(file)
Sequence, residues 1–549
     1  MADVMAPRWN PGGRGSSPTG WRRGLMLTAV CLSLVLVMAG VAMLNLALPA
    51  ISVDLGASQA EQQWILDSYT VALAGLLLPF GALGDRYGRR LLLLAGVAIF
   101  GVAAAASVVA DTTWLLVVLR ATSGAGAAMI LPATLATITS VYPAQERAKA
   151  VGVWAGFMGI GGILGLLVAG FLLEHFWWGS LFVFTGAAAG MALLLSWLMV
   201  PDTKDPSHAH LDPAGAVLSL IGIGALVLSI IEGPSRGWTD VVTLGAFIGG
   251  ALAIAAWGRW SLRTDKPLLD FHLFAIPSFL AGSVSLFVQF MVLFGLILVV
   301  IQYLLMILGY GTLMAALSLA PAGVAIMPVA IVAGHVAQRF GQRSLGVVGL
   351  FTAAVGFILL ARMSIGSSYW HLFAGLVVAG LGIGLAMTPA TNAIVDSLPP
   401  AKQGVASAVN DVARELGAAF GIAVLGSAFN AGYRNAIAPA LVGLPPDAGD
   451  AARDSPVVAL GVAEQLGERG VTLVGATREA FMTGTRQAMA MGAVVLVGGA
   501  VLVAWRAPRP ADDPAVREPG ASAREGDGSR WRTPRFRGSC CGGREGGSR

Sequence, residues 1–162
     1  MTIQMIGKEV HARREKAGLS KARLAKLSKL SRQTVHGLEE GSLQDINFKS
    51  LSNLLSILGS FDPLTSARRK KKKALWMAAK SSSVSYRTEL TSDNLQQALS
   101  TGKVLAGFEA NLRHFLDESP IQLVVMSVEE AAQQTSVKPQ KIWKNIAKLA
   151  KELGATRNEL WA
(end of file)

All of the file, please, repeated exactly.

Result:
Sequence, residues 1–549
     1  MADVMAPRWN PGGRGSSPTG WRRGLMLTAV CLSLVLVMAG VAMLNLALPA
    51  ISVDLGASQA EQQWILDSYT VALAGLLLPF GALGDRYGRR LLLLAGVAIF
   101  GVAAAASVVA DTTWLLVVLR ATSGAGAAMI LPATLATITS VYPAQERAKA
   151  VGVWAGFMGI GGILGLLVAG FLLEHFWWGS LFVFTGAAAG MALLLSWLMV
   201  PDTKDPSHAH LDPAGAVLSL IGIGALVLSI IEGPSRGWTD VVTLGAFIGG
   251  ALAIAAWGRW SLRTDKPLLD FHLFAIPSFL AGSVSLFVQF MVLFGLILVV
   301  IQYLLMILGY GTLMAALSLA PAGVAIMPVA IVAGHVAQRF GQRSLGVVGL
   351  FTAAVGFILL ARMSIGSSYW HLFAGLVVAG LGIGLAMTPA TNAIVDSLPP
   401  AKQGVASAVN DVARELGAAF GIAVLGSAFN AGYRNAIAPA LVGLPPDAGD
   451  AARDSPVVAL GVAEQLGERG VTLVGATREA FMTGTRQAMA MGAVVLVGGA
   501  VLVAWRAPRP ADDPAVREPG ASAREGDGSR WRTPRFRGSC CGGREGGSR

Sequence, residues 1–162
     1  MTIQMIGKEV HARREKAGLS KARLAKLSKL SRQTVHGLEE GSLQDINFKS
    51  LSNLLSILGS FDPLTSARRK KKKALWMAAK SSSVSYRTEL TSDNLQQALS
   101  TGKVLAGFEA NLRHFLDESP IQLVVMSVEE AAQQTSVKPQ KIWKNIAKLA
   151  KELGATRNEL WA